By Michael Kaiser
Chain Restaurant Menu Labeling to be implemented in 2017
As a result of language in the omnibus appropriations bill enacted December 18, 2015 FDA is delaying enforcement from December 1, 2016, to the date that is one year after it issues final guidance on menu labeling. It is unclear when the final guidance will be issues, but we expect it sometime later this year. Restaurants of twenty or more locations will be required to list the nutritional information of all standard menu items when the rule is implemented. Alcohol is included in the labeling requirements.
WineAmerica has been following this issue for some time now, as alcohol is not exempt. The FDA was required to establish the rule under the nutrition labeling requirement contained within the Affordable Care Act of 2010. Alcohol, which originally was proposed to be exempted by the FDA, is now included in the labeling requirement for restaurants.
A restaurant that meets the parameters will have to list the calorie and nutrition information for all beer, wine and spirits listed on a menu. Mixed drinks not listed on a menu are exempted from the requirements, as are liquor bottles on display behind a bar. Restaurants have significant flexibility in choosing a basis for nutrient contents disclosures. This can include the USDA’s National Nutrient Database for Standard Reference. The USDA’s National Nutrient Database for Standard Reference includes the categories, “alcoholic beverage, wine, table, red,” “alcoholic beverage, wine, table, white,” among several other general categories for alcoholic beverages. The USDA will allow covered establishments to use these entries as the bases for their nutrient content disclosures for alcoholic beverages that are standard menu items.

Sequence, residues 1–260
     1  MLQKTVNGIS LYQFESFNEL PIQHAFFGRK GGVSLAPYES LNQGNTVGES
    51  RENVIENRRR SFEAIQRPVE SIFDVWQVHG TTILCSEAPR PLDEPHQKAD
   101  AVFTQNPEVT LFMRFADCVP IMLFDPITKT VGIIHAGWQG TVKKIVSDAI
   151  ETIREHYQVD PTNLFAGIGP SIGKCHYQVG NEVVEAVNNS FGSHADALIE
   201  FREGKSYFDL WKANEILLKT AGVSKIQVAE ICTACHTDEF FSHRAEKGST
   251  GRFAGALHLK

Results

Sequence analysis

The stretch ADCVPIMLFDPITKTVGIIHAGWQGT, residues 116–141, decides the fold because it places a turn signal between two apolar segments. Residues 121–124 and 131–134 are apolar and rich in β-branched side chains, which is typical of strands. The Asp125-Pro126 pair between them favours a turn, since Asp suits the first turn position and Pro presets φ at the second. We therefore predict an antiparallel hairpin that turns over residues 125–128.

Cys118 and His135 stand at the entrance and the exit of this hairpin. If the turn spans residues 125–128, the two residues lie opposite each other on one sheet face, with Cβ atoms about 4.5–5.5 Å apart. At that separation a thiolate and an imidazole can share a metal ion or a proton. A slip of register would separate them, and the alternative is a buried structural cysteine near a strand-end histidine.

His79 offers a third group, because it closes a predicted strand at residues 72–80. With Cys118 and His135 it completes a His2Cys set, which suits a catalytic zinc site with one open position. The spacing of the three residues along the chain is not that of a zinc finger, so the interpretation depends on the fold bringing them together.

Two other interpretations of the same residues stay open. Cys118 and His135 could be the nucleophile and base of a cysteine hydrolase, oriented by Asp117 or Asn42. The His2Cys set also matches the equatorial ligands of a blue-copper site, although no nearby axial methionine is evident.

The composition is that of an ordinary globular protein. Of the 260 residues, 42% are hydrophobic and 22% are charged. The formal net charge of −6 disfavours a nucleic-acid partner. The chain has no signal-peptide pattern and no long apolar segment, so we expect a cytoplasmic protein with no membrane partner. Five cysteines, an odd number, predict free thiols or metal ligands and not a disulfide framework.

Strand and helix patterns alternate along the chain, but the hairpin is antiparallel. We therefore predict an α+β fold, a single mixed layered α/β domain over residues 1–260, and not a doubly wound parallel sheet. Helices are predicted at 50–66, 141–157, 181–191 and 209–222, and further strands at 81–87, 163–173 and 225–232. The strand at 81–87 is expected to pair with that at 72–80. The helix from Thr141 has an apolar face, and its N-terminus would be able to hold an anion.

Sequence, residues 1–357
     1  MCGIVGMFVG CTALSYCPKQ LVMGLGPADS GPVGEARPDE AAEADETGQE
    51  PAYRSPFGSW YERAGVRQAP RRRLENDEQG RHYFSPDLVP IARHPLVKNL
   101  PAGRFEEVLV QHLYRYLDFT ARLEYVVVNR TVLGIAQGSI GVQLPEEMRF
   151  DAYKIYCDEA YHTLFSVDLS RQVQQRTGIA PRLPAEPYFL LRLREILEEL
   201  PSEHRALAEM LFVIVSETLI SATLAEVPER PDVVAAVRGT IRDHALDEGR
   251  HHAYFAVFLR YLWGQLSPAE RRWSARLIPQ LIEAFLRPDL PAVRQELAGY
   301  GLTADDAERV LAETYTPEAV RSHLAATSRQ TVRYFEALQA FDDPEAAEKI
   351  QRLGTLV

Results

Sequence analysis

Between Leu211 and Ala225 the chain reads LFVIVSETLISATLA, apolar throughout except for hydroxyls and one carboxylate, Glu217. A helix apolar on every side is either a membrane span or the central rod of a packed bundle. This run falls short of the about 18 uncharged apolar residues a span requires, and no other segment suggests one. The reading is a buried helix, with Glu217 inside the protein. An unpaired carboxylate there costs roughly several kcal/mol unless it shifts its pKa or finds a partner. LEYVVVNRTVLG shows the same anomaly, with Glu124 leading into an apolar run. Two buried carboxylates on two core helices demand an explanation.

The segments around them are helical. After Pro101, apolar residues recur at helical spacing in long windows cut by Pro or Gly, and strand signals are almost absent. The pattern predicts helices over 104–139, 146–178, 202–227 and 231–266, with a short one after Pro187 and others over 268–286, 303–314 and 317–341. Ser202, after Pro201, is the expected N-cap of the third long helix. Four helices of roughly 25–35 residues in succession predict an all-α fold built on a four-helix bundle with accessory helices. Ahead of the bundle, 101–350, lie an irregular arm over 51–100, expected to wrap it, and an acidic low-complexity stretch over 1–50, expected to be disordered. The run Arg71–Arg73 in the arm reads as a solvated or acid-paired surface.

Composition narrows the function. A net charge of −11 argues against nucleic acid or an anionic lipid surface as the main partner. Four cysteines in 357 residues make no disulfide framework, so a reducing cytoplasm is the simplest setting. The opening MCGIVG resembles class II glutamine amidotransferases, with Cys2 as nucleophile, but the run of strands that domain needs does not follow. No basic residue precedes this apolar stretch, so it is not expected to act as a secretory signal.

The FDA will not be encroaching on the TTB’s regulation of the alcohol industry, and all of the nutrition labeling requirements will comply with TTB requirements. Alcohol producers will not be required to disclose the nutritional content of their products or conduct laboratory analyses of their products. The burden for disclosure is on the covered establishments (restaurants) and they will be allowed to use the accepted USDA measurements for caloric and other nutritional content.
Questions? Contact Michael Kaiser, Director of Public Affairs, firstname.lastname@example.org
WineAmerica is the national voice of the American wine industry. Based in Washington, D.C., WineAmerica represents wineries in 43 states and leads a coalition of state and regional wine and grape associations. As an industry leader, WineAmerica encourages the dynamic growth and development of American wineries and winegrowing through the advancement and advocacy of sound public policy.